Running is nutrition intensive and Planet Fitness want to break it down for you. You need carbs to keep those pistons firing, protein to build up your leg muscles, and vitamins for a great immune system. Most of us get the general gist of a balanced diet, but the nitty gritty can really wind you up. The following is a simple guide to start you on your running nutrition.
A lot of those getting into fitness for the first time have the notion that carbohydrates are the enemy, when in fact calories and in particular empty calories are. Carbohydrates are essential to the body because they provide fuel for every function in our body, from your leg muscles, digestion and even your brain. For all fitness complex carbohydrates are the way to go.
Complex carbs can be found in brown rice, sweet potatoes, pasta and even some grain like quinoa. Complex carbs take a while to digest, thus they release glucose much slower throughout the day, providing you with adequate energy as you run up that hill.
Protein builds muscles and it promotes healing after a run. Sources of protein include but are not limited to red meat such as beef, poultry, fish and seafood, eggs, dairy products, pulses and nuts. Protein should comprise a significant portion of your diet if you want to build those running muscles.
Red meat has been vilified for a lot of health issues. Research shows that eating lean red meat from free-range animals is very healthy. It provides the best sources of iron and zinc, and provides a massive of mount of protein compared to other food sources. Look for free range meat because it also comes with less cholesterol. Supplement this with poultry and/or eggs, and you have all the protein you need.
Fish and seafood, are a great alternative for protein. This is because they are low in cholesterol, and high in Omega 3 fats which do wonders for the memory. They also contain zinc, copper and chromium which can be low in ordinary diets.
Pulses and nuts are also excellent sources of protein. However, compared to other protein sources they are pretty low, so you have to consume a lot of them in order build adequate stores. They are great for vegetarians or those looking to cut down on animal meat.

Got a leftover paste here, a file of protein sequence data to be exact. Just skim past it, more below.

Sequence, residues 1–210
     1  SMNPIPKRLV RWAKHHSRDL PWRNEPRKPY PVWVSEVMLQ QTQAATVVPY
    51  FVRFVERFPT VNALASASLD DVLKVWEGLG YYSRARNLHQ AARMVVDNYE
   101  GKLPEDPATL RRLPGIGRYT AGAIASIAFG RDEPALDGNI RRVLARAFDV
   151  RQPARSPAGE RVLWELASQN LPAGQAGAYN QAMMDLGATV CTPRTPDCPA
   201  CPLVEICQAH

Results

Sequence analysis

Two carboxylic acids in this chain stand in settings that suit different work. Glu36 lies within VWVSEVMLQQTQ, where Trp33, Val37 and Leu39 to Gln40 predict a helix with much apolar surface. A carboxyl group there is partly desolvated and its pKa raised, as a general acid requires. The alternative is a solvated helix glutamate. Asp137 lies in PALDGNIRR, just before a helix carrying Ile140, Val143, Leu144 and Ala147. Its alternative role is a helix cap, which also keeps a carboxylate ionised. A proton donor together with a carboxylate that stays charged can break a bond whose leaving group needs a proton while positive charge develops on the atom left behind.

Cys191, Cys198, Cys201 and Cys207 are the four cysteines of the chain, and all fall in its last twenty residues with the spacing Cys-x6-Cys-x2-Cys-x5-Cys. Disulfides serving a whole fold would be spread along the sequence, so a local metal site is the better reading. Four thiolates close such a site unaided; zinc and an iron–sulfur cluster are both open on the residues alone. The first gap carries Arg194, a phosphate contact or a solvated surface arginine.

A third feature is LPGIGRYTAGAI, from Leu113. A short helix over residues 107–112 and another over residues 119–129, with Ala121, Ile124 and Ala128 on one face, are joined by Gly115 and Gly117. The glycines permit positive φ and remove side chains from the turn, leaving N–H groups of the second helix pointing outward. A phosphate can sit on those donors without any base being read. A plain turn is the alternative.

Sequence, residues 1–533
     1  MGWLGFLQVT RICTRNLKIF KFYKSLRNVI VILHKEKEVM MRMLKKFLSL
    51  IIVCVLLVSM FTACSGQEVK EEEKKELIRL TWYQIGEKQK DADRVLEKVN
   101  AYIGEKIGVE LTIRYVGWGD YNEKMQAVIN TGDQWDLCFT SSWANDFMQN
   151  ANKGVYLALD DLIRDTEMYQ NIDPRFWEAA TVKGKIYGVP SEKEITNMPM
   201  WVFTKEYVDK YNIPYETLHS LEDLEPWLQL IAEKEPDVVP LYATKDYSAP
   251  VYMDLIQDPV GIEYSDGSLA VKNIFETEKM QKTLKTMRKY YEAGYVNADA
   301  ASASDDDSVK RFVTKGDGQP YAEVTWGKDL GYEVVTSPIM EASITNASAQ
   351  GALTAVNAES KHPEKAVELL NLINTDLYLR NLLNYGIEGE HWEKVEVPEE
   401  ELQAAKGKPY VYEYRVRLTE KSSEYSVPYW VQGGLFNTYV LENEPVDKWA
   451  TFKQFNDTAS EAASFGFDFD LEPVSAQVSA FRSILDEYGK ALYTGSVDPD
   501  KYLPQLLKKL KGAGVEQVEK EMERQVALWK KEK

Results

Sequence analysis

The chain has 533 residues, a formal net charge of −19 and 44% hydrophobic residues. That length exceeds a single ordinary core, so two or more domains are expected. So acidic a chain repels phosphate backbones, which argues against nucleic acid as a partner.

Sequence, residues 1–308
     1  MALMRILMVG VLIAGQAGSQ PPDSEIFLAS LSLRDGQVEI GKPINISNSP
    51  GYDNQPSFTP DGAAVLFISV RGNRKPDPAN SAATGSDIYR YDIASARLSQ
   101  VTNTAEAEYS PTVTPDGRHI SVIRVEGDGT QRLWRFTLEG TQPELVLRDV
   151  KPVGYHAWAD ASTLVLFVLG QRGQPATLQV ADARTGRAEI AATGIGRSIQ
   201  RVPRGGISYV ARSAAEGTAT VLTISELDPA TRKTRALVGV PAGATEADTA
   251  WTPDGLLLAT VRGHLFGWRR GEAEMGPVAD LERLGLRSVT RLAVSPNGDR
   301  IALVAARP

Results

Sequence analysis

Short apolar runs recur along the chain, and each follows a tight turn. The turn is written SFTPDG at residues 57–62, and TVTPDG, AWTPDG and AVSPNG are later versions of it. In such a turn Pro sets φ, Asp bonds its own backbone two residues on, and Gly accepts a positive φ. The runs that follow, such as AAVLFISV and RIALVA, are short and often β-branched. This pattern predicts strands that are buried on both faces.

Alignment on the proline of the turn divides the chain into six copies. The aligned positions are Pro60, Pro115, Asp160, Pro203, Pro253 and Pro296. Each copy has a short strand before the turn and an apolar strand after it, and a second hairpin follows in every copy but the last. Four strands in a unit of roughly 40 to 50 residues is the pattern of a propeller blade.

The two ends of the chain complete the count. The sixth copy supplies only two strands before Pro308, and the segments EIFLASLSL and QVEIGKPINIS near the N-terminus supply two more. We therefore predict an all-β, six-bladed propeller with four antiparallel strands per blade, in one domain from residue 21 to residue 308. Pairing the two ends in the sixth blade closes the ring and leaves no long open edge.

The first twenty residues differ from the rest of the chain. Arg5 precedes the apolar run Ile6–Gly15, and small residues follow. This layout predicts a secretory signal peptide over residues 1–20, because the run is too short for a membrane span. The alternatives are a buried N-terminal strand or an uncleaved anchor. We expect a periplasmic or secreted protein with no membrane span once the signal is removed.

Dairy is an excellent source of protein. Either in the form of milk, cheese, yoghurt or even butter. Dairy also provides calcium, which is essential in building bones. We cannot run without our femurs or tibias.
Vitamins, Antioxidants and Phytochemicals
Did you know that all those colors in vegetables are actually chemicals that boost your immune system? They are called antioxidants, and they protect our bodies against the effects of free radicals that are formed when our bodies metabolize food. Phytochemicals are substances found in vegetables and fruits which decrease the risk of diseases such as colon and prostate cancer, and reduce your risk of heart disease. Vitamins aid the body in its functions like Vitamin A in sight, and vitamin D promotes bone formation.
Great sources of these are vegetables, not just leafy veggies, and fruits. It is advisable to eat at least 5 different colored vegetables a day. When you eat fruits, eat them with their skins, they contain phytochemicals and fiber which is great for digestion.
So next time you want to take that supplement, or nutrition bar, think of going the natural way. Before your next trip to Powerhouse Gym, try eating a baked potato with a vegetable salad and see better results. As always, remember to hydrate.